Welsh schools, league tables, and making camera film more efficiently

Posted on 21-01-2012

There is an interesting article in this week’s Economist about Welsh schools. In 2001 the devolved Welsh government abolished school league tables. A decade on, the results are not encouraging. The Economist’s main piece of evidence for this is that only 66.5% of GCSE results get a good grade (I presume they mean a C or above).  In the rest of the UK the figure is 69.8%. I think the Economist are being a bit slippery here. They don’t say what the starting point was for both regions in 2001, and in any case it’s a fairly small difference. (The BBC league tables from 2000 suggest that Welsh and English schools were roughly level back then, although I can’t find the exact metric the Economist are using.) This doesn’t seem to me to particularly damn Welsh schools: the main thing it suggests is how poor results are across the four countries. But whatever you think of the comparison, in absolute terms these are not impressive results from Welsh schools. Combined with weak performances on OECD tests and fewer pupils going to university, these results gives the lie to the idea that abolishing league tables will improve outcomes by allowing schools to focus on broader aspects of education rather than narrow teaching to the test.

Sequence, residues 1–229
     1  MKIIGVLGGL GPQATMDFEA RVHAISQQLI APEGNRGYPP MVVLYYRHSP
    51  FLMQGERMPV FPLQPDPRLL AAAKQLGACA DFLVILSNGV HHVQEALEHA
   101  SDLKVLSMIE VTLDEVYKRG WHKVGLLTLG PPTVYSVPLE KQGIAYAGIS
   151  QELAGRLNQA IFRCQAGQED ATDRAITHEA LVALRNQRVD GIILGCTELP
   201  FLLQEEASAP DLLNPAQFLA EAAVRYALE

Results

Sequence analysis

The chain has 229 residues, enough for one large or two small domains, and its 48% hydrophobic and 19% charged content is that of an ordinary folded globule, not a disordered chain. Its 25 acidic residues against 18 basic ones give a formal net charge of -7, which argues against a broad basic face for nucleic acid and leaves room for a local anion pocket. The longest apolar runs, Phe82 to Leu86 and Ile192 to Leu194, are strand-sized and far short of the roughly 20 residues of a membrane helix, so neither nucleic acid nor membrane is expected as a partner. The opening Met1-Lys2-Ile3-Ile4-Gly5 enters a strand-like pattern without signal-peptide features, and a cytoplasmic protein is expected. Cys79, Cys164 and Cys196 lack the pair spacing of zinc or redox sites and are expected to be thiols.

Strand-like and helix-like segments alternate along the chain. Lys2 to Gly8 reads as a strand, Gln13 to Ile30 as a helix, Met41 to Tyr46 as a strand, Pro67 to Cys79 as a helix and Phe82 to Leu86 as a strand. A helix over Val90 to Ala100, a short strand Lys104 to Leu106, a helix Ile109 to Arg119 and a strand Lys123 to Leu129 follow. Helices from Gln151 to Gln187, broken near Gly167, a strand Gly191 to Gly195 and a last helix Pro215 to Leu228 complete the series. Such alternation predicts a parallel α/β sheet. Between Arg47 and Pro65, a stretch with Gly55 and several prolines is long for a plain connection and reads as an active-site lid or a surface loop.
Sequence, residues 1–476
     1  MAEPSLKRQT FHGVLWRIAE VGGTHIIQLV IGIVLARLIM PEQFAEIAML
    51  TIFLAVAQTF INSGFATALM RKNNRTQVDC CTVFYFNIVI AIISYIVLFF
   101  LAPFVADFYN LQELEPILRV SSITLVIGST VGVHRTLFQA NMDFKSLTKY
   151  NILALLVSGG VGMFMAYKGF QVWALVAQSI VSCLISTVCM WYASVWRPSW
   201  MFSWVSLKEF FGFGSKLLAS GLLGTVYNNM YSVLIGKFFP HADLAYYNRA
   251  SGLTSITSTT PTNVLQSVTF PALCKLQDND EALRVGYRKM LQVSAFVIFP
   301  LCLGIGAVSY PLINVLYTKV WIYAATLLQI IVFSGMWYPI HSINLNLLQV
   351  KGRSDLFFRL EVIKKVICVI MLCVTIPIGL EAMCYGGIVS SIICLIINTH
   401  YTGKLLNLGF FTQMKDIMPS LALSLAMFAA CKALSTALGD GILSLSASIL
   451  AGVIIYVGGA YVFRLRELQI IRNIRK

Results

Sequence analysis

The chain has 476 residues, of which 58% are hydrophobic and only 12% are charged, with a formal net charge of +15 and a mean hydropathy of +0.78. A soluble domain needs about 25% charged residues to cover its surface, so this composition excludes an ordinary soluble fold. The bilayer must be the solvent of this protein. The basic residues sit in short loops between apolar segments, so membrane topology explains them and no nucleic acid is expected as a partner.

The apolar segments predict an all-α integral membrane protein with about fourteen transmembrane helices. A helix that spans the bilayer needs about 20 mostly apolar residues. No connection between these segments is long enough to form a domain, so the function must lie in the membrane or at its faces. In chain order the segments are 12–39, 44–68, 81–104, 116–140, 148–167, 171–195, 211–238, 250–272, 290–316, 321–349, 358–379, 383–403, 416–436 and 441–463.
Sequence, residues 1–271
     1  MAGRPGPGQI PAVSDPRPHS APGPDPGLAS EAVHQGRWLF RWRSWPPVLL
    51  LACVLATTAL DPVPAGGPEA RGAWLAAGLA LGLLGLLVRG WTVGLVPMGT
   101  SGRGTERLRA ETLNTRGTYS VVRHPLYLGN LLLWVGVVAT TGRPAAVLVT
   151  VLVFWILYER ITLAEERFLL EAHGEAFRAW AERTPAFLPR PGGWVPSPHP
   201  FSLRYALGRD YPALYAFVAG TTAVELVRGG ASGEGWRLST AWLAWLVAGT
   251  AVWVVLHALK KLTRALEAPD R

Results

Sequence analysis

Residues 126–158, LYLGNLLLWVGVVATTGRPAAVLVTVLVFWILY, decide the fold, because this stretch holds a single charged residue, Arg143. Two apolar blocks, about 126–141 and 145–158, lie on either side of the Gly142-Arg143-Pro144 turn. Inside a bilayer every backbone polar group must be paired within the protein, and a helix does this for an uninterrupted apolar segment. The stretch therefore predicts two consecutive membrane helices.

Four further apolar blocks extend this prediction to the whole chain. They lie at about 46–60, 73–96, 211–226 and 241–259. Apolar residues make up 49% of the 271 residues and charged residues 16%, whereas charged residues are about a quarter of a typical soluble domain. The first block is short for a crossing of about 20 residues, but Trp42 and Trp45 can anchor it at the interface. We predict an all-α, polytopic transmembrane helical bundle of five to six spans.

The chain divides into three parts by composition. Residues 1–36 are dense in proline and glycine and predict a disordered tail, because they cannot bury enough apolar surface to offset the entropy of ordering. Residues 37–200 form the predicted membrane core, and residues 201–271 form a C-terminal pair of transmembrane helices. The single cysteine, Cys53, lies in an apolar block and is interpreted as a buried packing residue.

So abolishing league tables is not the answer. But the failure of the rest of the UK to convincingly outperform the Welsh suggests that league tables themselves are not the answer either. Indeed, these figures confirm my belief that the problem with education in the UK is not that teachers don’t work hard enough or that senior managers aren’t focussed enough.  The problem is the content of the education system: specifically, the content of the curriculum and the most popular teaching methods.  This is, I think,  a constant across the state system in the UK (although the prevalence of selection in NI might make it a different case.) In a way, this goes back to my post here about structural reform and pedagogic reform. You can make all the structural reforms you like, but if the essential content of  a system is flawed, those reforms won’t help. If you have a factory making camera film, there is little good ranking every aspect of the factory according to a range of Key Performance Indicators. It might make the process of making camera film much more efficient and streamlined, but it won’t change the essential fact that the final product is worthless.  (Or, as the Core Knowledge blog put it for an American audience, there’s no point building a better Edsel.)